|Minimum Standard of Design Quality for Secondary Schools in England|
|Detail:|| Building Schools for the Future (BSF) is the UK Government’s biggest-ever school buildings investment program (£45bn) and involves improving or rebuilding 3,500 secondary schools in England. The schools minister Jim Knight announced that every new secondary school building will have to reach a minimum standard of design quality or they will not be given the go-ahead. Students and teachers will join experts in schools architecture to vet designs before they are selected by local authorities. Designs which fail to reach the threshold will be sent back to the drawing board.|
This new policy follows research done by the government's own design watchdog, the Commission for Architecture and the Built Environment (Cabe), that has shown that an estimated eight out of 10 schools proposed under the program are "mediocre" or "not yet good enough". Cabe discovered problems including bullying hotspots, noisy open-plan areas which make teaching difficult, and classrooms which are too dark or prone to overheating.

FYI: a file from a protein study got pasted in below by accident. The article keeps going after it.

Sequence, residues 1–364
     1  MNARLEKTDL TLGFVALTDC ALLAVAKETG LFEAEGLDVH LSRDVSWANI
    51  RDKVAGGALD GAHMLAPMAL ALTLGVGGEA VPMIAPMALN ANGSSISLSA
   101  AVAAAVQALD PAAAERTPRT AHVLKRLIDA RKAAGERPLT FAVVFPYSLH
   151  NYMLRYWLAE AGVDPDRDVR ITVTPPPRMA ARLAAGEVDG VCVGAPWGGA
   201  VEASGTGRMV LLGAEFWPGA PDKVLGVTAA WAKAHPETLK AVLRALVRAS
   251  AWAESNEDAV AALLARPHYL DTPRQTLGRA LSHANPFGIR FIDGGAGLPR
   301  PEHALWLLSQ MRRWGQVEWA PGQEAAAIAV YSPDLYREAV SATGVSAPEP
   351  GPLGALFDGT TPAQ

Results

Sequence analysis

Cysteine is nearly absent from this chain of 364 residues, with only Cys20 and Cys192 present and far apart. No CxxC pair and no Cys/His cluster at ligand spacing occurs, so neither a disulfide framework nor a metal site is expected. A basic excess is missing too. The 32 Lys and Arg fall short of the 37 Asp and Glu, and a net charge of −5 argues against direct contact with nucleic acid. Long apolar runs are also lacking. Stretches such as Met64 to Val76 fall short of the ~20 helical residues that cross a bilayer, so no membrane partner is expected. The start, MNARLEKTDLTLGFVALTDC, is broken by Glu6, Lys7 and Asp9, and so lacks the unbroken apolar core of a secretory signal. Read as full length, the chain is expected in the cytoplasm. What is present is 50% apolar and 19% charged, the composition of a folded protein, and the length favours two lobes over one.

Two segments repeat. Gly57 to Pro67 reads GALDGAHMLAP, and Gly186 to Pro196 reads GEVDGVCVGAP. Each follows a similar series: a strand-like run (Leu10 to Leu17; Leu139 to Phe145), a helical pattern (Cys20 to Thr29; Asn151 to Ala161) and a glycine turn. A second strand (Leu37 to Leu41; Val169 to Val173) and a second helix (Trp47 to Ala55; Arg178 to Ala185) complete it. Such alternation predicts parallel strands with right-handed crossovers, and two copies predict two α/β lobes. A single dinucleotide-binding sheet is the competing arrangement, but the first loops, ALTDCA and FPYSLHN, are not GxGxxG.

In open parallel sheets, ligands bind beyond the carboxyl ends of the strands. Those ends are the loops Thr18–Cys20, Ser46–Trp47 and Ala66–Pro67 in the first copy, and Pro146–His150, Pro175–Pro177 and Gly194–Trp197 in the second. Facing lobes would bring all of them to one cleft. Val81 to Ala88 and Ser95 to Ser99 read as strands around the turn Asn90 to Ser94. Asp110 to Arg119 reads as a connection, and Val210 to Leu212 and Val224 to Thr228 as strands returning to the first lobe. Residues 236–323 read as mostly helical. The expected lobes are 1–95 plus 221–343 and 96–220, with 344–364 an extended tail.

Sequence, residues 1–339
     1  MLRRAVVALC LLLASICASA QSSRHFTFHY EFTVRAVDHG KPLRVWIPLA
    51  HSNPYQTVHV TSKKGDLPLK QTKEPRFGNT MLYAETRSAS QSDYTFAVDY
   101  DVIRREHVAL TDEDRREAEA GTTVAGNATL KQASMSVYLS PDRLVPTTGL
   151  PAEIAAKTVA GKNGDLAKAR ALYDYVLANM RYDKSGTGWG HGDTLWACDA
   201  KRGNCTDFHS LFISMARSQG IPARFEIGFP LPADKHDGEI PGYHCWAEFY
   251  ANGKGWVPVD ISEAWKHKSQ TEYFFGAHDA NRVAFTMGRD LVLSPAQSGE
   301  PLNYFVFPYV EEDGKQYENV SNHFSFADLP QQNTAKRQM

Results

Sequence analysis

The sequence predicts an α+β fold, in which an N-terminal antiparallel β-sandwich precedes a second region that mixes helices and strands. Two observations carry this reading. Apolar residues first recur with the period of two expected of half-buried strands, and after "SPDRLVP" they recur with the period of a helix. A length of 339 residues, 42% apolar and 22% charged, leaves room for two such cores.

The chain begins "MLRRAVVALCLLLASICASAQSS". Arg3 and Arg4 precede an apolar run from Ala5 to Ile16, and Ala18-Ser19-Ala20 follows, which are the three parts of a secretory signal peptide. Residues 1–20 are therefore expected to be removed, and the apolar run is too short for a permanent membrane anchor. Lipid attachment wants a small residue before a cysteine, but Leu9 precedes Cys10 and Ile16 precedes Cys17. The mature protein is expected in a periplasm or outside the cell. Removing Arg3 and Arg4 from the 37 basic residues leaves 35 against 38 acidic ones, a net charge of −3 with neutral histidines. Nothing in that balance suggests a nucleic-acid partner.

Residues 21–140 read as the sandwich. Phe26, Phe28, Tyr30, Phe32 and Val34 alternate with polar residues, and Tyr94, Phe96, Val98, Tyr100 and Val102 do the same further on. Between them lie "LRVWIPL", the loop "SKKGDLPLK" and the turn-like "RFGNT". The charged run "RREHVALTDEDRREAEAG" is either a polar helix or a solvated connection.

As BSF is a key New Labour programme aimed at promoting schools that are "the best equipped in the world for 21st-century learning", Ken Shuttleworth, an architect and former partner of Lord Foster, who leads Cabe's design review panel, has said that only those proposals receiving an overall rating of excellent or good should be considered to be of an acceptable standard. BSF presents a unique opportunity to raise the quality of design in schools. The government in demanding a minimum standard of design quality is educating clients to the power of what design can do.
|Source:||Based on a story by Robert Booth and Polly Curtis titled “Design threshold set for new secondary schools: Minister announces goals for £45bn programme: Eight out of 10 proposed not yet at required level” in The Guardian, September 18, 2008, Thursday.|